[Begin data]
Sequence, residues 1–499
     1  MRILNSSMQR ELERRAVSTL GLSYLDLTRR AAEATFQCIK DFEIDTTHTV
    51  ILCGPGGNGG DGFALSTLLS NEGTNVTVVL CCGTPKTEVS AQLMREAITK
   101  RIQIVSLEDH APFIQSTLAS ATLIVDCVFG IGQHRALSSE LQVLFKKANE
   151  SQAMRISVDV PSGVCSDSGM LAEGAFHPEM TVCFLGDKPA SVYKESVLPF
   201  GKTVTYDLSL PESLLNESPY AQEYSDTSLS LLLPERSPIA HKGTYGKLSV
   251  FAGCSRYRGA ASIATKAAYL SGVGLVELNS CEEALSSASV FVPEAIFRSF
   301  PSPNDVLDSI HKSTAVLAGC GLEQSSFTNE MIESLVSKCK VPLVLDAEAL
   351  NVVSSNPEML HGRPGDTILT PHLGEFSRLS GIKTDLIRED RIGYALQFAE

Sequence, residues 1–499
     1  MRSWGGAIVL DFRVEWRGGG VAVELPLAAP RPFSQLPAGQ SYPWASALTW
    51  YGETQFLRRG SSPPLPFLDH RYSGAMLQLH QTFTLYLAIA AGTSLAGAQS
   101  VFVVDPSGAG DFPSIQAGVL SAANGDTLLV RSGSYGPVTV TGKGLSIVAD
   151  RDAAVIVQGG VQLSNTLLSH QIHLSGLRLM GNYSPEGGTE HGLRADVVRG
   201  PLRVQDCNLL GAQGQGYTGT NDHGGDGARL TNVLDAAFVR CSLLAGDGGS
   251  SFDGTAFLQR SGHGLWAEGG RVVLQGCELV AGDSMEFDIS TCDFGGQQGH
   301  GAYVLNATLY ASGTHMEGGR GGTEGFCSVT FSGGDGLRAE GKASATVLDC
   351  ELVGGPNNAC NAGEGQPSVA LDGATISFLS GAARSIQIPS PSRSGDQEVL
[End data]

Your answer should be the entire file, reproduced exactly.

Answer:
Sequence, residues 1–499
     1  MRILNSSMQR ELERRAVSTL GLSYLDLTRR AAEATFQCIK DFEIDTTHTV
    51  ILCGPGGNGG DGFALSTLLS NEGTNVTVVL CCGTPKTEVS AQLMREAITK
   101  RIQIVSLEDH APFIQSTLAS ATLIVDCVFG IGQHRALSSE LQVLFKKANE
   151  SQAMRISVDV PSGVCSDSGM LAEGAFHPEM TVCFLGDKPA SVYKESVLPF
   201  GKTVTYDLSL PESLLNESPY AQEYSDTSLS LLLPERSPIA HKGTYGKLSV
   251  FAGCSRYRGA ASIATKAAYL SGVGLVELNS CEEALSSASV FVPEAIFRSF
   301  PSPNDVLDSI HKSTAVLAGC GLEQSSFTNE MIESLVSKCK VPLVLDAEAL
   351  NVVSSNPEML HGRPGDTILT PHLGEFSRLS GIKTDLIRED RIGYALQFAE

Sequence, residues 1–499
     1  MRSWGGAIVL DFRVEWRGGG VAVELPLAAP RPFSQLPAGQ SYPWASALTW
    51  YGETQFLRRG SSPPLPFLDH RYSGAMLQLH QTFTLYLAIA AGTSLAGAQS
   101  VFVVDPSGAG DFPSIQAGVL SAANGDTLLV RSGSYGPVTV TGKGLSIVAD
   151  RDAAVIVQGG VQLSNTLLSH QIHLSGLRLM GNYSPEGGTE HGLRADVVRG
   201  PLRVQDCNLL GAQGQGYTGT NDHGGDGARL TNVLDAAFVR CSLLAGDGGS
   251  SFDGTAFLQR SGHGLWAEGG RVVLQGCELV AGDSMEFDIS TCDFGGQQGH
   301  GAYVLNATLY ASGTHMEGGR GGTEGFCSVT FSGGDGLRAE GKASATVLDC
   351  ELVGGPNNAC NAGEGQPSVA LDGATISFLS GAARSIQIPS PSRSGDQEVL